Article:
Kiwanis has plans to help youth

FAIRMONT – Fairmont Early Risers Kiwanis recently obtained tax-exempt status. In doing so, it also created a fund to help area youth organizations for years to come.

“I think it’s a good deal, because now donations to the Kiwanis are tax-exempt,” said club president Harlan Gorath. “It’s an opportunity for us to build so we can do even more for our community and our children. We’re able to help kids being kids.”

According to Mike Katzenmeyer, president-elect of the club, the fund was created within the Southern Minnesota Initiative Foundation.

“We met with representatives from SMIF and put together the final touches last week,” Katzenmeyer said.” The idea [to apply for tax-exempt status] came about during conversations and interactions with some of the financial people. We talked about service clubs and how few have that 501c3 designation. We started asking, ‘Shouldn’t we?'”

When Tim Penny of the Foundation gave a presentation to the club, it steered members in that direction.

“We were looking for some way to lend permanently to the efforts in Fairmont,” Katzenmeyer said. “The Kiwanis have been doing the Success Academy, Safe Routes to School, the bike fair. To lend some permanency was what led us to start an endowment fund through SMIF.”

“It took four to five months by the time the paperwork was done, and we educated the people involved, meaning ourselves,” Gorath said about obtaining the 501c3 status.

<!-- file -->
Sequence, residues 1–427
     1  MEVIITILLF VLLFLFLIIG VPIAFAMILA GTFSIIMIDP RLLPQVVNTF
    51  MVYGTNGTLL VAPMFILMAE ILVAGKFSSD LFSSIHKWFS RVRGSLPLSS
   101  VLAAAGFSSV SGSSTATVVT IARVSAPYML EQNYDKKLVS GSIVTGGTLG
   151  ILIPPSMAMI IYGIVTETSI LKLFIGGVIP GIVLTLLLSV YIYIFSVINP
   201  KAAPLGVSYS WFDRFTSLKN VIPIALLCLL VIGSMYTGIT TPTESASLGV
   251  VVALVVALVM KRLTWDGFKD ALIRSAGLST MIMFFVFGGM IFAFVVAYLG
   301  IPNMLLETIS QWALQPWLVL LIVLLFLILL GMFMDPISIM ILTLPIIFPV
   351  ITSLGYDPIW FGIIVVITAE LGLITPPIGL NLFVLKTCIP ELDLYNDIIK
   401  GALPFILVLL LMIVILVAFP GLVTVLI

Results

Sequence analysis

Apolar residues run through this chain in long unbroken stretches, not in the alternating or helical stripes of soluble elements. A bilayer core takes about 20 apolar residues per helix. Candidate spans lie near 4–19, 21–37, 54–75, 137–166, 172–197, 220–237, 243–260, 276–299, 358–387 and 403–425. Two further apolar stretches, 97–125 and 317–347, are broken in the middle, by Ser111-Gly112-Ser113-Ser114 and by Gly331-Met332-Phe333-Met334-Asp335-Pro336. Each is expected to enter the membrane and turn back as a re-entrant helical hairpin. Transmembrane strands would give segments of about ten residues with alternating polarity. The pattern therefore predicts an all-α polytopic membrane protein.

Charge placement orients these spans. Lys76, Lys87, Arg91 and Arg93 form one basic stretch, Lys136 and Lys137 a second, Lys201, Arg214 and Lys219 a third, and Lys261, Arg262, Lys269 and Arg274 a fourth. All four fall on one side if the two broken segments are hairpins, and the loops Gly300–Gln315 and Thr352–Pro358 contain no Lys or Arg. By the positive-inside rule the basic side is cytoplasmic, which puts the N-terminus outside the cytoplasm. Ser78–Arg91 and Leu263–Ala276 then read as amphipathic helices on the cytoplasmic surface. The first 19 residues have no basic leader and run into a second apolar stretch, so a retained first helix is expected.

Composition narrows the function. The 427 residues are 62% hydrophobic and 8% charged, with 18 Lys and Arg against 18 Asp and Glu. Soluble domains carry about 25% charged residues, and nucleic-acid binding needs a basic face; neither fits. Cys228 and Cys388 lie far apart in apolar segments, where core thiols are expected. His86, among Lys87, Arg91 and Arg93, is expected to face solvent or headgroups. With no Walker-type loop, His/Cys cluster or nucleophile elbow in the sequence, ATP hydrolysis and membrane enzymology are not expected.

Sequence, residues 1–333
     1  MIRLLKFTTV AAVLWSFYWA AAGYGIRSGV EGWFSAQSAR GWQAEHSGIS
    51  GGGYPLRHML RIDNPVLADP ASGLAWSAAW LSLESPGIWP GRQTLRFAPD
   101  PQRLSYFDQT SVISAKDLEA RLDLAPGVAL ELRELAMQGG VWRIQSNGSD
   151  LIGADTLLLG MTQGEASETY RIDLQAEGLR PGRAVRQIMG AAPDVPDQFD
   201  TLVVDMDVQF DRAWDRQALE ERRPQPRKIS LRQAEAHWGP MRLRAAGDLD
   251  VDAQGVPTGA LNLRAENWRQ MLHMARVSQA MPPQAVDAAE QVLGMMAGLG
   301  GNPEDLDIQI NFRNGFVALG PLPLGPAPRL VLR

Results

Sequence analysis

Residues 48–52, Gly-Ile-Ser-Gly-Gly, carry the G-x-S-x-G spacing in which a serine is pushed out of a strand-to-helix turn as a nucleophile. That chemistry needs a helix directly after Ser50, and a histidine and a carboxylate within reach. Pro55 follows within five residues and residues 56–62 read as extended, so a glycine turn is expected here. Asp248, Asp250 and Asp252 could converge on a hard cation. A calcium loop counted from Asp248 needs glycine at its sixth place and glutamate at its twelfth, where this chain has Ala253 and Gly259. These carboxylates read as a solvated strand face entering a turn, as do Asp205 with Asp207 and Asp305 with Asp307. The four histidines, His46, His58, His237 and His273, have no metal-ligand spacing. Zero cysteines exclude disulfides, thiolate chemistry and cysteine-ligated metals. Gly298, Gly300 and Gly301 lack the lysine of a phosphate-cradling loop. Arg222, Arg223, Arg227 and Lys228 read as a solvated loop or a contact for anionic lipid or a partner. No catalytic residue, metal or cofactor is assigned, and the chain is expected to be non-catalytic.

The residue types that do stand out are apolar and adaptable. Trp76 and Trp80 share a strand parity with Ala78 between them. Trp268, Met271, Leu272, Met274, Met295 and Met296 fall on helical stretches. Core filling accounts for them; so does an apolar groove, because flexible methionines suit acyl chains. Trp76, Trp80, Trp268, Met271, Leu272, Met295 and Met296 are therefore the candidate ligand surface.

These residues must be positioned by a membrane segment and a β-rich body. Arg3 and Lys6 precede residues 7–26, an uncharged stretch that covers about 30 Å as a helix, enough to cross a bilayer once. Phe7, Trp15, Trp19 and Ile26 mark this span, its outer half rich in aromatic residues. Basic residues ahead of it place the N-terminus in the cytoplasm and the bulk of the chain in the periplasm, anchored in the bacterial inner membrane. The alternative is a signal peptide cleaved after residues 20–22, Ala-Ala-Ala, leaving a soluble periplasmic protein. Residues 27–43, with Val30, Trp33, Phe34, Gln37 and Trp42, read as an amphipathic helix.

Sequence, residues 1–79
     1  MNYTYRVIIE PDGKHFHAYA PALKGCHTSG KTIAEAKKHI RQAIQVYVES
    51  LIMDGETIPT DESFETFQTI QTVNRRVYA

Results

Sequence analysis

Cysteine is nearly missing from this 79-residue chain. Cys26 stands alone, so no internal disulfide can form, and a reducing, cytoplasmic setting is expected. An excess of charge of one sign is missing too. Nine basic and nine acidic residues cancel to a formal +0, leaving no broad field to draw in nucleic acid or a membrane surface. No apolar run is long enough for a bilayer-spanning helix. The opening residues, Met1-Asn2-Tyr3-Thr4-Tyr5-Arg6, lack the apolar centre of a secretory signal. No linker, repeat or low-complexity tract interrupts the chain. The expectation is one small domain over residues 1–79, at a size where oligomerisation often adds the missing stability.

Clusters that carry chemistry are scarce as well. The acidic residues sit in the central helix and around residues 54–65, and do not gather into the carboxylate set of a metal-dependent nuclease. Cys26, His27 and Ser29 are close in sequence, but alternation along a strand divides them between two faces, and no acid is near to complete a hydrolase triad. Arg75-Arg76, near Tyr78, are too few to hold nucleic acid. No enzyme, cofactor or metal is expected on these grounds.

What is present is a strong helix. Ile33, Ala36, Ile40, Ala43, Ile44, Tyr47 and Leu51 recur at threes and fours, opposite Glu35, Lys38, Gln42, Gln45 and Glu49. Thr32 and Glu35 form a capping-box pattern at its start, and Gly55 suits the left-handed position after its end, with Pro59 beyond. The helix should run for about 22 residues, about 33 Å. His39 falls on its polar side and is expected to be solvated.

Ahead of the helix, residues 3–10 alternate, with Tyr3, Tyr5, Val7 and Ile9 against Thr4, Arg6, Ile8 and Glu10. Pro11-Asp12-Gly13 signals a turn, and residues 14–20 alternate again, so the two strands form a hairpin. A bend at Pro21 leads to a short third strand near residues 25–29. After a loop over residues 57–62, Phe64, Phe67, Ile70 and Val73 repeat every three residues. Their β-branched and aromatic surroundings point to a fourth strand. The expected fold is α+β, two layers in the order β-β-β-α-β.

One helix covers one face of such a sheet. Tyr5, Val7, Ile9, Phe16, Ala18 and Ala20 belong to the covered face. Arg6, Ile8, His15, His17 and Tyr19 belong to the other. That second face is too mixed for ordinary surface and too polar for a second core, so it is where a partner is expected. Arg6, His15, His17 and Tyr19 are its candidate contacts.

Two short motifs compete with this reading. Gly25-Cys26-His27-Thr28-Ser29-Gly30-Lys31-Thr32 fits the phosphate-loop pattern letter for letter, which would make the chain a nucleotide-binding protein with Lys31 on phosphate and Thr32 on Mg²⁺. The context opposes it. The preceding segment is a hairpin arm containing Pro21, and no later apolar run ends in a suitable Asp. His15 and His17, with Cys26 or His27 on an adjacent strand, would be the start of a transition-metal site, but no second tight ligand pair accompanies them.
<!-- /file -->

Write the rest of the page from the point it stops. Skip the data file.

Once the funds reach a certain point, Kiwanis can draw 4.5 percent on an annual basis to fund approved activities by youth-oriented tax-exempt entities in the area.

While accepting donations year-long, the main fundraisers for Kiwanis each year are fall and spring pancake feeds. The spring feed is usually held for another entity and a percentage is retained by the club, but the majority goes to the featured group, such as the band boosters in 2013. This spring’s featured group has yet to be determined.

Katzenmeyer also noted the fund will secure a legacy for Kiwanis.

“Clubs get old and go away,” he said. “In the event that the club dissolves and membership wanes or disbands, we’ve designated the Fairmont Youth Foundation to be the beneficiary, and it would transfer any funds left.”